OP-ED | Getting Serious About ‘Liquor Justice’
It’s finally happened. Someone besides the governor is taking meaningful action to dismantle Connecticut’s protection racket for package stores. And if the state doesn’t get its act together, the legal bills could mount.
Total Wine & More, which operates 150 stores in 21 states (four of them in Connecticut), has filed a federal lawsuit challenging the state’s indefensible practice of mandating above-cost minimum per-bottle prices on wine and liquor in package stores.
In case you didn’t know it — Connecticut has the most oppressive and anti-competitive laws governing the sale and distribution of alcohol in the country. It punishes the consumer in the name of protecting an entire class of retailers — mostly mom-and-pop package store owners — from meaningful competition. Legislative attempts to move toward a free market have thus far proved fruitless.
The lawsuit filed in U.S. District Court in New Haven charges that the company “has been prevented from offering the best prices by an anticompetitive regime of statutes and regulations that intentionally promotes horizontal and vertical price-fixing by Connecticut wholesalers of alcoholic beverages” and that both manufacturers and wholesalers have used the law to maintain prices at levels “substantially above what fair and ordinary market forces would dictate.”
Music to my ears. I’ve been saying this for years. The package store owners, led by lobbyist Carroll Hughes, have countered that half the state’s package stores would go out of business if they actually had to compete with one another without the protection of the state.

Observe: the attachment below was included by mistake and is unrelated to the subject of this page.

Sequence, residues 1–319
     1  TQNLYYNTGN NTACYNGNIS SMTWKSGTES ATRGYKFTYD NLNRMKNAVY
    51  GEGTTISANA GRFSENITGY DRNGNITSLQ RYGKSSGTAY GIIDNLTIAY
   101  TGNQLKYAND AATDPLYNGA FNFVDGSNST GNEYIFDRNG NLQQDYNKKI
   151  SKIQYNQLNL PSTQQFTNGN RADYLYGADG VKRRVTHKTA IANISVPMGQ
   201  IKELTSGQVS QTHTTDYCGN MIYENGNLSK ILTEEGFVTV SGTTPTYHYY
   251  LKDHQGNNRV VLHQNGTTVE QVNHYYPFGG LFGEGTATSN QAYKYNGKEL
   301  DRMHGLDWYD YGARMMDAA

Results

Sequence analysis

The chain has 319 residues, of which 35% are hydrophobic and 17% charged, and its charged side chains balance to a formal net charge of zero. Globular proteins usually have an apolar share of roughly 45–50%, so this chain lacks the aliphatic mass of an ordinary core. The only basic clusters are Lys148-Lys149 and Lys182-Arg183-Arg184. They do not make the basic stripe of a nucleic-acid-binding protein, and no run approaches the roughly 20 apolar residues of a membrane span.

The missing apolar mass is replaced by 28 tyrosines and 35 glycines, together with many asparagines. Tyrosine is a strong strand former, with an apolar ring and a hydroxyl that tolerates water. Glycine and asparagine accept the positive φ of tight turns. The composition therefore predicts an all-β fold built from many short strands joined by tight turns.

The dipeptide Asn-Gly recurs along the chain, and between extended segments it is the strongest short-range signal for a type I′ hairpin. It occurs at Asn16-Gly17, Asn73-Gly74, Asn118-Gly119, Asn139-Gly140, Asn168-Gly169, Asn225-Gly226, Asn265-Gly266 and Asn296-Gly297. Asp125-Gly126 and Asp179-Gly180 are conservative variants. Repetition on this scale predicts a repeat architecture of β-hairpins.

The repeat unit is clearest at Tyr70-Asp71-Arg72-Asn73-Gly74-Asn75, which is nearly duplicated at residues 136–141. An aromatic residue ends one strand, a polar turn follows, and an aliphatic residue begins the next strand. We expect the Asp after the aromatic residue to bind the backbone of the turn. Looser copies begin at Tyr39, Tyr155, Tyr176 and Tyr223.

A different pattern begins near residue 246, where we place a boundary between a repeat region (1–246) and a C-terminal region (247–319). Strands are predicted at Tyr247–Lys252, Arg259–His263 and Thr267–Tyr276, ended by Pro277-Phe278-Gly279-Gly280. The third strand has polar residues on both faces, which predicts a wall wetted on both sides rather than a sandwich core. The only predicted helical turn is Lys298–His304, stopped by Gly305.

An industry study estimates that with the elimination of minimum pricing Connecticut will gain between $5.2 million and $8.1 million annually in new excise and sales taxes because Nutmeggers won’t flee the state in droves to buy in Massachusetts and New Hampshire.
Hughes, however, insists that the free market will result in less revenue to the state. If the price per bottle is lowered through the abolition of minimum pricing, then the state’s 6.35 percent sales tax will collect less revenue from the sale of each bottle, he claims with a straight face.
But of course, Hughes offers no evidence to support his hypotheses. Indeed, he predicted some stores would go out of business after Gov. Dannel P. Malloy in 2012 convinced legislators to allow the package stores to open on Sundays. I haven’t heard Hughes say, “See, I told you so,” because it’s now obvious that allowing stores the option to open on Sundays hasn’t put any of them out of business. Those that that don’t have the resources, or are otherwise not inclined to open on the Sabbath, simply keep their doors closed.
Named in the lawsuit as defendants were Commissioner Jonathan Harris of the Department of Consumer Protection and John Suchy, director of the Division of Liquor Control. Ironically, Harris was appointed by Malloy and has joined the governor in opposition to minimum pricing.
In a brazen show of rebellion, Total Wine & More has purchased full-page ads in state newspapers bragging that the company has put dozens of liquor and wine items on sale well below the state minimum.
It’s almost as if the liquor giant with 150 stores is calling the state’s bluff: “We don’t care about the fines. Go ahead and come after us. If you do, it will enhance our standing in court by demonstrating how we’ve been harmed by your stupid laws.”
“It’s time for Connecticut to finally enter the 21st century when it comes to the sale of wine and spirits,” Edward Cooper, Total Wine & More’s vice president for public affairs, said in a news release announcing the lawsuit. “The loser in the current equation is the consumer.”
But, absent court intervention, it’s really the General Assembly that needs convincing. Trembling at the prospect of offending the state’s 1,150 package store owners, lawmakers have shied away from taking legislative action to effect what I call “liquor justice.”
One package store owner I spoke to a few years ago told me he thought those who argued for the abolition of minimum pricing were being “disrespectful” to him and his colleagues. Nope. I think arguing that we should pay more to protect him from competition is disrespectful to consumers. Now we’ll see what a federal judge thinks.
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